A mum whose disabled daughter was the victim of bullying has backed a new film launched to encourage people to report hate crimes.
Cleveland’s Police and Crime Commissioner Barry Coppinger launched the 15-minute film as a training tool to show the true impact of crimes against disabled people, which aims to address the levels of under-reporting across Teesside.
Kay Demoily, of Acklam, Middlesbrough, helped her daughter Katy, who has Down’s syndrome, through her difficulties with bullying at school and college and welcomes the efforts of police.
“It is very important that people are made aware of the amount of bullying that goes on. Young people especially are vulnerable and might not be able to stand up for themselves, so it is vital that others look out for bullying, which is so much more common than people think.”
Last year there were only 23 reports of disability hate crime incidents – but police and support charities believe victims are not coming forward, due to fear or because they are unaware that bullying is classed as a hate crime.
Kay says that Katy, now 32, who enjoys photography as a hobby, has managed to move on since the bullying with support from family, friends and the local community.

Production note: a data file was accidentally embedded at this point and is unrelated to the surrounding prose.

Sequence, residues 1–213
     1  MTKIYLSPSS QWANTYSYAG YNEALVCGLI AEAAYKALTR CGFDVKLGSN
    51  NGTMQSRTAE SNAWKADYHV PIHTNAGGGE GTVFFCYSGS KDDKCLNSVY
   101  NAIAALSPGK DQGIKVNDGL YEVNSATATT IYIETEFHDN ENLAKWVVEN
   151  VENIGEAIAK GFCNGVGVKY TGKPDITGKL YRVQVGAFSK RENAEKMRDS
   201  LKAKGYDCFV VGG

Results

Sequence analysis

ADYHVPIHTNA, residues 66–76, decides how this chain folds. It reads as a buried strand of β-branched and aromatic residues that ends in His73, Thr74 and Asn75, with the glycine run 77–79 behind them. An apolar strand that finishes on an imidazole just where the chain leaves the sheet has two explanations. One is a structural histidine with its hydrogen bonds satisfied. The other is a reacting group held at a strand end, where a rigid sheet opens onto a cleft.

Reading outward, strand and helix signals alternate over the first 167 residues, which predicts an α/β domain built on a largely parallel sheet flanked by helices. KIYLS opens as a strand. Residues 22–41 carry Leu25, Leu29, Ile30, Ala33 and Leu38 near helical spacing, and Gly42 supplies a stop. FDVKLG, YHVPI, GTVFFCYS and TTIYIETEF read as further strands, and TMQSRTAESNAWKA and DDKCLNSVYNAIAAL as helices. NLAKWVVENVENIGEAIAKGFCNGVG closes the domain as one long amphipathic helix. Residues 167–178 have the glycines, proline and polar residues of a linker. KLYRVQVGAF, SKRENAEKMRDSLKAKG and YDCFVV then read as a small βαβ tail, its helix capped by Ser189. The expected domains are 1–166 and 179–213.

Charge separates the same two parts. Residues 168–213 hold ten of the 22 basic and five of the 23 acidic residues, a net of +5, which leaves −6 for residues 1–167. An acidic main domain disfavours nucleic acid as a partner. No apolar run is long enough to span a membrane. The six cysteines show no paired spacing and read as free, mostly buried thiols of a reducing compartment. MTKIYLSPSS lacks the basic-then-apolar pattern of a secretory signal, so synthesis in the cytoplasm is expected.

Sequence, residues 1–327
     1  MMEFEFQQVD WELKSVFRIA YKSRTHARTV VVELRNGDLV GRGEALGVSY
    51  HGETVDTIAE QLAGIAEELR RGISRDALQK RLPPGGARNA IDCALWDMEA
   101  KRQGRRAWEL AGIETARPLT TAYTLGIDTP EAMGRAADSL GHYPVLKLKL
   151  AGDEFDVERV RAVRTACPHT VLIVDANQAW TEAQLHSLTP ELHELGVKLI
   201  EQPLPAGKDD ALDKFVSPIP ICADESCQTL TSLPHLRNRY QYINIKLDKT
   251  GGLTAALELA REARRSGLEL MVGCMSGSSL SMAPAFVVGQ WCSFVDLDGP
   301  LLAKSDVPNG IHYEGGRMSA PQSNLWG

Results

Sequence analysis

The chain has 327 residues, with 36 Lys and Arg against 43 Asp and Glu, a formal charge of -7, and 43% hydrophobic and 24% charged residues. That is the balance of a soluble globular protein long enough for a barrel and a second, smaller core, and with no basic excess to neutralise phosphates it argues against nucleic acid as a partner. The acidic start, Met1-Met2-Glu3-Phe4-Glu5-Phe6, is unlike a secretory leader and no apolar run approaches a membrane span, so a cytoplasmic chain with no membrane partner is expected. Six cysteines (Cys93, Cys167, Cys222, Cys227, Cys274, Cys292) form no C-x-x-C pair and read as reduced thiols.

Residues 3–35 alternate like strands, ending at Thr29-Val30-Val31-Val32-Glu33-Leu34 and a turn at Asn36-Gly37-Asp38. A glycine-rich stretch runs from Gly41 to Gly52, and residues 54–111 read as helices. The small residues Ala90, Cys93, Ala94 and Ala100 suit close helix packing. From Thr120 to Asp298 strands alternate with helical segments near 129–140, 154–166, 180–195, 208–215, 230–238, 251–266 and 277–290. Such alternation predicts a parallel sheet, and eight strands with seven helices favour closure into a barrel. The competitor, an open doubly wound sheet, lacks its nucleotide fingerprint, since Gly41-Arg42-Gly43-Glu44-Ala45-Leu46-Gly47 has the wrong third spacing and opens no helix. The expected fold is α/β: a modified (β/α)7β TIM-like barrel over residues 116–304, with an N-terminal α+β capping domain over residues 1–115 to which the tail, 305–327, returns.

She said: “Everyone who lives close by is very helpful, and would keep an eye out while Katy is around here but you can’t always know what goes on.
“Katy became very introverted and upset. I thought that I would have seen the signs but I didn’t. The film that the police have produced is hard hitting, and I think it should be shown in schools so that young people understand the issues.”
Mr Coppinger said: “Cleveland is not unique in the fact that disability hate crime is under-reported but as a force we are dealing with it head-on by raising awareness of ways in which to report the crime and enhance our training to officers and staff. Incidents can take the form of name calling in the street, serious assaults, and deliberate deception of vulnerable people with disabilities. These are completely unacceptable and it’s important that officers can identify where a crime has a disability hate element and how to raise awareness of reporting with victims, carers and families.”
The short film has taken months of planning and features real life stories brought to life by IMPACT Drama Group, part of Middlesbrough Community Inclusion Service, who directed the film and featured in the case studies.
Source – Middlesbrough Evening Gazette, 17 May 2014